Where are GFCI Outlets Required?
Electricity is a blessing of our age, but it can be very dangerous when people ignore safety requirements. One of these requirements is the presence of ground fault circuit interrupter receptacles or GFCI outlets in our homes.
While new homes are equipped with safer outlets, the problem persists with older houses. According to the Electrical Safety Foundation (ESFI), over 40 million American homes don’t have GFCI outlets in rooms with proximity to water. It means that many people are at risk of potential electrocution. While GFCIs are not mandatory for older homes built in the 1970s, we highly recommend installing them in “wet” areas.
Here is RG Electric’s guide on the important information about GFCI outlets.
What is a grounding?
You probably know that electricity flows through a hot and grounding wire. When you plug in a device, electricity circulates from the source to the device. Another grounding wire connects the device to the earth through a grounding rod to protect people from potential shock if a ground fault occurs.
What is a ground fault?
A ground fault occurs when electricity takes an unplanned route to the ground. This route doesn’t provide for any resistance; as a result, the flow of charge rises drastically. Instead of running through a ground cord, it may come across a different conductor, a human or animal, and cause life-threatening shock. The risk of electrocution even increases in “wet” rooms, such as bathrooms or kitchens, because water is a great conductor of electricity.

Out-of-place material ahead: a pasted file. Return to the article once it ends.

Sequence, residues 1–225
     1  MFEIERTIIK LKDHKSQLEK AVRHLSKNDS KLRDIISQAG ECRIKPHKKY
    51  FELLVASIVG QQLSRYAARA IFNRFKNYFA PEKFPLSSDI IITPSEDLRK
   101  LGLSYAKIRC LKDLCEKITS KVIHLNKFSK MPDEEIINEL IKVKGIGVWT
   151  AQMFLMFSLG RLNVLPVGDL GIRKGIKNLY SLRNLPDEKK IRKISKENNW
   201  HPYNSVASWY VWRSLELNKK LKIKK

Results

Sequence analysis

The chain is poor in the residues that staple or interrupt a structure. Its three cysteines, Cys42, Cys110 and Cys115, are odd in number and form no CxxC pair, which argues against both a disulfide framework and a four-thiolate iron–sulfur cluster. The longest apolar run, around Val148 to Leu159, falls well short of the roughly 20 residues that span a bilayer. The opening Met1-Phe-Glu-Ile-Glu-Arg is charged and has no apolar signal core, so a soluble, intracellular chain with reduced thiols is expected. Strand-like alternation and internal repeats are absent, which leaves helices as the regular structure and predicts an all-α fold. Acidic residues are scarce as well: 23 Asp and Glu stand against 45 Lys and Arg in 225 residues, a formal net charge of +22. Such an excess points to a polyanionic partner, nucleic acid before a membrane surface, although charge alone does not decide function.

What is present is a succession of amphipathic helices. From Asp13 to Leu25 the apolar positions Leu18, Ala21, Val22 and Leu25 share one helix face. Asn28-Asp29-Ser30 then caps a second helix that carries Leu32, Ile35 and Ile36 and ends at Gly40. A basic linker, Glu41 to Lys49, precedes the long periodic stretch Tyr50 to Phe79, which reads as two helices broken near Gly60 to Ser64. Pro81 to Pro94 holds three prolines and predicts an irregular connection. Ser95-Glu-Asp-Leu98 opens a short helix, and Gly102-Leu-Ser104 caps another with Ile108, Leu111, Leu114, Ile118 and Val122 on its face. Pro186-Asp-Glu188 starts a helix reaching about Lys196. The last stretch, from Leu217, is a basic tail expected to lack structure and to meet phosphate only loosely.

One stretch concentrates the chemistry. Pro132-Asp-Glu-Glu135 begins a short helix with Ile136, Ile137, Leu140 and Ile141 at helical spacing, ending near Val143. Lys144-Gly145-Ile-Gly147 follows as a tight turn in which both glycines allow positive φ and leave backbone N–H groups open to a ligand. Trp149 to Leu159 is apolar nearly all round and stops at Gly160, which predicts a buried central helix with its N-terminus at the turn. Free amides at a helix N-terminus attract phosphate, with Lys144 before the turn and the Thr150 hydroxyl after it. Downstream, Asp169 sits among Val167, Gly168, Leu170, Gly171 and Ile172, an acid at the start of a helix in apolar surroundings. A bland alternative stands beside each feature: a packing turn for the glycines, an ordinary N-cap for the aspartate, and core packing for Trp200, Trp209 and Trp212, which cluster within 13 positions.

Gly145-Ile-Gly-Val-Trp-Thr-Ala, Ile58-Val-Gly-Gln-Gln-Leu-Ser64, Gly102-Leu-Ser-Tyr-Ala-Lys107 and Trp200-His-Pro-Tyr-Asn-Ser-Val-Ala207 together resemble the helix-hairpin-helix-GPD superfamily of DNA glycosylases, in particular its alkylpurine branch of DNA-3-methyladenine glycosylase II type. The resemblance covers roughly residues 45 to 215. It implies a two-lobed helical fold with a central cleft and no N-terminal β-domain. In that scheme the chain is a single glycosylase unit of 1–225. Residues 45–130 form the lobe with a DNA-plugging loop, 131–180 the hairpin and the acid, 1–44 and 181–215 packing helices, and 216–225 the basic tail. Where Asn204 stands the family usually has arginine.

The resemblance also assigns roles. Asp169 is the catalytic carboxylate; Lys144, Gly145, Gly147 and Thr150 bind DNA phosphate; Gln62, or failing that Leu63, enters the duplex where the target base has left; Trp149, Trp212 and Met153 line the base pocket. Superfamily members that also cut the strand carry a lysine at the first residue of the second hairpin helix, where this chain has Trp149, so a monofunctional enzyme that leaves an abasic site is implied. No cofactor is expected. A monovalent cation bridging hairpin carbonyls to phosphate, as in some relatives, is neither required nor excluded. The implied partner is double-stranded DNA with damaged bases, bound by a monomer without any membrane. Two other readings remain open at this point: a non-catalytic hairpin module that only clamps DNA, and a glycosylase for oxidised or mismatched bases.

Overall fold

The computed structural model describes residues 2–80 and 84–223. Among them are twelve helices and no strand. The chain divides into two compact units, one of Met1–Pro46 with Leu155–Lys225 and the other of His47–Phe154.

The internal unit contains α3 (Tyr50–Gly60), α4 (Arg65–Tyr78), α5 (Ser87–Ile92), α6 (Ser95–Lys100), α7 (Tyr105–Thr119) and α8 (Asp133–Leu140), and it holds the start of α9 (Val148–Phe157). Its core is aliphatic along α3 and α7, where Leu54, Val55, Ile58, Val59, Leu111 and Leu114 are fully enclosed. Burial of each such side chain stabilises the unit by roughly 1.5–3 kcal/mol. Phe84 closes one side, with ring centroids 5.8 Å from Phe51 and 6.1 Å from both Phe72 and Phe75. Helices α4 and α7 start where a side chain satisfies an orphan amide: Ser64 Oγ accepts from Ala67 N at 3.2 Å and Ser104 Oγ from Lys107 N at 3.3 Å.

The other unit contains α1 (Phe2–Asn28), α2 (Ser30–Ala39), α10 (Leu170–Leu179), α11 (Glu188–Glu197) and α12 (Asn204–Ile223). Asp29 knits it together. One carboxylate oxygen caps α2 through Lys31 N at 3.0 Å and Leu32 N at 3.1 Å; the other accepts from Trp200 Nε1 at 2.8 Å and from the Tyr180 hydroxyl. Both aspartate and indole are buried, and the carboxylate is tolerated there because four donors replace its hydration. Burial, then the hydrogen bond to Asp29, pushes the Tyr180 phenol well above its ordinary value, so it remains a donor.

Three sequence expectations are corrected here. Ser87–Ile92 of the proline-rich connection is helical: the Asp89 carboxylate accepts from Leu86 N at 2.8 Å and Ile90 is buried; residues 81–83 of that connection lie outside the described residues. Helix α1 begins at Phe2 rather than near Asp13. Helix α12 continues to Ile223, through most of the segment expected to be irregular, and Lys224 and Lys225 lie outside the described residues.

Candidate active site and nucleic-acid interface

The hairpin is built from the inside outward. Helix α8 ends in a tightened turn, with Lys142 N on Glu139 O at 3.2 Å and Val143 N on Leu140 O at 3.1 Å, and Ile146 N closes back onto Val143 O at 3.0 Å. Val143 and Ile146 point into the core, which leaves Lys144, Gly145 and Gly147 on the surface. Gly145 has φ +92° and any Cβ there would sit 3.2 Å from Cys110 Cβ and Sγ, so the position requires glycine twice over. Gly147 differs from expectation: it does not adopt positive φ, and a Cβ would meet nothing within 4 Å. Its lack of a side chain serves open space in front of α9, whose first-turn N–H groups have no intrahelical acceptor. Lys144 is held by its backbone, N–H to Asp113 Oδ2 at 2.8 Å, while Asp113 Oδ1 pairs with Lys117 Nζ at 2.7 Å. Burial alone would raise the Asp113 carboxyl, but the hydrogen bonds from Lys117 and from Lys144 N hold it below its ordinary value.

Ground fault key takeaways:
- A ground fault is a result of the electrical discharge running through the unintended route outside the circuit;
- When this occurs, the flow of electricity increases dramatically;
- Ground faults cause circuit breakers to trip and stop the flow of electricity;
- A ground fault is very dangerous and can lead to electrocution and fire hazards.
How Do GFCI Outlets Protect?
Unlike regular outlets, GFCIs are designed to prevent these accidents. The two outlets also differ visually. A regular one usually has two or three plug-in holes, while a GFCI outlet has the same number of slots with two additional buttons – “Test” and “Reset.”
When a GFCI outlet detects a stray flow of current or ground fault, its internal switch blocks the flow in the outlet. A person still may experience a shock but is unlikely to be injured or killed. A standard outlet neither has a sensor to detect stray flow nor a switch to shut off the flow of electricity. Too often, when current leakage occurs, a GFCI outlet won’t reset.
Where to Install GFCI Outlets?
Under the National Electric Code (NEC), GFCI outlets must be installed in new constructions in rooms where electrical outlets are located close to water. These areas are:
- Kitchen (countertops)
- Laundry rooms
- Basements (with sinks)
- Outdoor dining areas
- Exterior outlets
- Pool and hot-tube spaces
GFCI Outlet Requirements
GFCI protection is a must for any 125 to 250-volt outlets connected to single-phase circuits that operate under 150 volts to the ground.
The last NEC update on electrical standards came in 2020, and it stated that HVAC equipment also should be protected with GFCIs, including indoor service equipment that needs a spacious place.
Call a Los Angeles Electrician to Get GFCI Outlets Installed
RG Electric constantly stays in the loop of the latest NEC guidelines. Even if you live in an older home, we strongly recommend including GFCI outlets in the areas mentioned above. We offer expertise in repairing and installing various electrical systems throughout Los Angele county. Live in a safer home with RG Electric.